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  • Writer's pictureHabranthus

With Malice Towards Some

Updated: Jul 14

Margaret Halsey


Simon and Schuster


278 pages to put you to sleep.


Very boring account of one American woman’s experience in England.


A woman from New York accompanies her husband to England where he has been hired as a guest professor at a small college in Devonshire. They arrive early and spend the summer months touring England and take a side trip to Stockholm and Oslo. They rent a house in a nearby town and settle down for the academic year. They go to Paris for Christmas.


The story is written in diary format and is a daily account of the places the couple visits and the people they encounter. There is no juicy gossip, nor one single subplot. The only shred of drama is if she will find a rent-house that suits her. The book feels like scrolling through Facebook – mildly entertaining, but when you put it down, you realize you’ve wasted your time.

The whole book was written as a critique of all things English – the weather, the food, the fashion, the conversation, the customs, etc. The critique is generally unfavorable, although done with plenty of good-natured humor. For example, she describes women’s clothing as “…universal ineptitude, no eye for line and no feeling for color”, dressing “as if their bodies were something that had to be smuggled through customs”.

The story ends when the woman quits writing the diary because her husband needs her help with his manuscript, but I am sure the author got as bored writing it as we were reading it.

And what is with the title? After reading the book, 'with malice towards some' sounds like repressed anger. Probably toward her husband for dragging her to that godforsaken country.

To the author’s credit

She is quite witty. There are some good lines and she writes with humor, and the main character does not come across as snobbish or condescending (at least to Americans). To be fair, she included some critic on the U.S., for example, by mentioning race riots and the issue of lynching.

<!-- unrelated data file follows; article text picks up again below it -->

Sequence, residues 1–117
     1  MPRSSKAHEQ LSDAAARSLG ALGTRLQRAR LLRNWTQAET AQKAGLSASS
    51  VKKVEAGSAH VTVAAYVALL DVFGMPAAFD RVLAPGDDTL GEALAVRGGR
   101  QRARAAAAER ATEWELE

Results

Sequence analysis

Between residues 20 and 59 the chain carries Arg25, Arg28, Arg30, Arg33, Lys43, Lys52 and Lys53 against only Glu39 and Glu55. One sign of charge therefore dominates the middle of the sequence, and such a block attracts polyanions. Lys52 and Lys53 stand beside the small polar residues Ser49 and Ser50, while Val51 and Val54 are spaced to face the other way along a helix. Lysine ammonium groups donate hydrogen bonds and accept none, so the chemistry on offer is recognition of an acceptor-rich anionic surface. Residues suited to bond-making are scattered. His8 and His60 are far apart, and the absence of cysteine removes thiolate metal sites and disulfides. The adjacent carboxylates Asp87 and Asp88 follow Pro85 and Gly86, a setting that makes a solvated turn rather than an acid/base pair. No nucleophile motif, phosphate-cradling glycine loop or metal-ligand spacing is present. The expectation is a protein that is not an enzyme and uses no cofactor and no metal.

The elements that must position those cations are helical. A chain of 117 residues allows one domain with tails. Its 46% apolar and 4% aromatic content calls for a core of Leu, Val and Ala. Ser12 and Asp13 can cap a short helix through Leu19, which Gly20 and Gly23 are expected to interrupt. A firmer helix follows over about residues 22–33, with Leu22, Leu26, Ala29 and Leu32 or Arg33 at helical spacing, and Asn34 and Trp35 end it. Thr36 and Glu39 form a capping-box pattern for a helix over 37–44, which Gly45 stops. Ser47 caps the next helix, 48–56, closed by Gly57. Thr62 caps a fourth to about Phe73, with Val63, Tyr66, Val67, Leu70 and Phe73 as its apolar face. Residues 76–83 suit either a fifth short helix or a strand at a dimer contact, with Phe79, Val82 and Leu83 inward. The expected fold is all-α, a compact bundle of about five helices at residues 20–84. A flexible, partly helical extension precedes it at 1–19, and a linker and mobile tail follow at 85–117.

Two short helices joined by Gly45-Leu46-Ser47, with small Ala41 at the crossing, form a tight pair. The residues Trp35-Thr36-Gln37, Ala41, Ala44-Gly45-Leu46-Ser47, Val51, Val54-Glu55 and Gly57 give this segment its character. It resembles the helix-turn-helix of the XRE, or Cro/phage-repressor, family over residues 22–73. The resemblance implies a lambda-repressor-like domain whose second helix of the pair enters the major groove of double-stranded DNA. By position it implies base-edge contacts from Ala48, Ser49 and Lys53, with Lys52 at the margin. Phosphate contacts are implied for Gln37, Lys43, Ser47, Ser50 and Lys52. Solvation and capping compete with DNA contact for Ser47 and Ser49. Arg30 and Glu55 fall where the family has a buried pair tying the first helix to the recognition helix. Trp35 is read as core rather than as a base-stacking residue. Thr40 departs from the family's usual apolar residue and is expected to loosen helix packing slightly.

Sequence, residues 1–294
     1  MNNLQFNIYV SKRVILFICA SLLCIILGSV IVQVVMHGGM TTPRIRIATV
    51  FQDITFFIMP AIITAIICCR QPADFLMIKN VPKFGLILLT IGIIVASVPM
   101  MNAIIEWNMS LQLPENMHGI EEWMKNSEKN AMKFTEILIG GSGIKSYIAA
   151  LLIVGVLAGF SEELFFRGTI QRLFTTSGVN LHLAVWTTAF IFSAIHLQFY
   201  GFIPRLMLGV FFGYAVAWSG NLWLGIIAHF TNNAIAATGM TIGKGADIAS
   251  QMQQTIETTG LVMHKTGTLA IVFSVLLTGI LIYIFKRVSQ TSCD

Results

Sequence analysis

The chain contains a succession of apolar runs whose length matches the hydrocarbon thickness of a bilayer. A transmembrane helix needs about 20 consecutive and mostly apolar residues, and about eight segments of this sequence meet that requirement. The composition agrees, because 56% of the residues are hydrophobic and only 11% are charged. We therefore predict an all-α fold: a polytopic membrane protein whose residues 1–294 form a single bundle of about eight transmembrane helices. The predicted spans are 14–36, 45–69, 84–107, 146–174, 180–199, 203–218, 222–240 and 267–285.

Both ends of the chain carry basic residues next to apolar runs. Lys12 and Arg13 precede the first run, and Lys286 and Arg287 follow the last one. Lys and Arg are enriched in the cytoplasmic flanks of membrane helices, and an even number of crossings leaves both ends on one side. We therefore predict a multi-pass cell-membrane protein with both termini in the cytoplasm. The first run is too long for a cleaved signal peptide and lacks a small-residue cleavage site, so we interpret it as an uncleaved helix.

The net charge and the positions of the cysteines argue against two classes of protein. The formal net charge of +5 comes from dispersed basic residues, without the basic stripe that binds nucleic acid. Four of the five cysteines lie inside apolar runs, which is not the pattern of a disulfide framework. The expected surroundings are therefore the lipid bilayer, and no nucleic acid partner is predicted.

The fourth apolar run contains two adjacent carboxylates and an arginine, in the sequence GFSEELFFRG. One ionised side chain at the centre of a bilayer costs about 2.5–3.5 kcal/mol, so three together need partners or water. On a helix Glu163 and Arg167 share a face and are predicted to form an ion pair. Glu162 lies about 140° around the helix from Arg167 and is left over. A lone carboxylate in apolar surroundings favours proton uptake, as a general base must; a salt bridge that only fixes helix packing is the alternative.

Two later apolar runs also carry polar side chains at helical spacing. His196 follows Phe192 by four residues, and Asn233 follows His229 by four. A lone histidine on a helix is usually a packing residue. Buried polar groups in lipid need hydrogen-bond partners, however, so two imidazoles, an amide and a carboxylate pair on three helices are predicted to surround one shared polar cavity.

To the author’s discredit

The story is very boring. There is nothing of substance to keep a reader engaged except mild amusement with the hope that it will get better. It doesn’t.

Best line

She is a small and dynamic woman whose manner suggests very clearly that life had better watch its step, or she will take down its little pants and spank.

Honorable Mentions

The Warden...was being gracious on all eight cylinders.

Brontosarian furniture, with a dark, primeval finish

When trying to make a hotel reservation: He is going to let us know, which sounds as dubious as it does when you are applying for a job.

... a four-inch coating of aristocratic indifference.

...a table which looks as if Pithecanthropus Erectus might come crawling out from under it at any moment.”

Have noticed English fond of talking of England as if it were size of North America.

The author used plenty of uncommon words. I’m not sure if they were more familiar in 1938, or if she was just trying to exert herself as a sophisticated writer.

A Sample:

Flotsam – floating debris from a ship wreckage

Jetsam - ship wreckage debris that sinks

Paragon – model of excellence

Slattern – untidy, dirty woman or prostitute

Alacrity – cheerful readiness

Ennui – boredom

Stevedore– person who works loading/unloading ships in port

Avarice – greediness

Draggled – made wet and dirty by dragging (she was describing food)

Boor – a rude and insensitive person

I bought the book because of the title

With Malice Towards Some, which sounds a little threatening, like a murder mystery or a vengeful plot. I admire her for it, as I myself have considered that a clever title may be a good way to catch people off guard and get them to buy my book.

23 views2 comments


Sep 29, 2021



Sep 29, 2021

Too bad it was so boring.


a shout out to writers long gone

Antique Book Review

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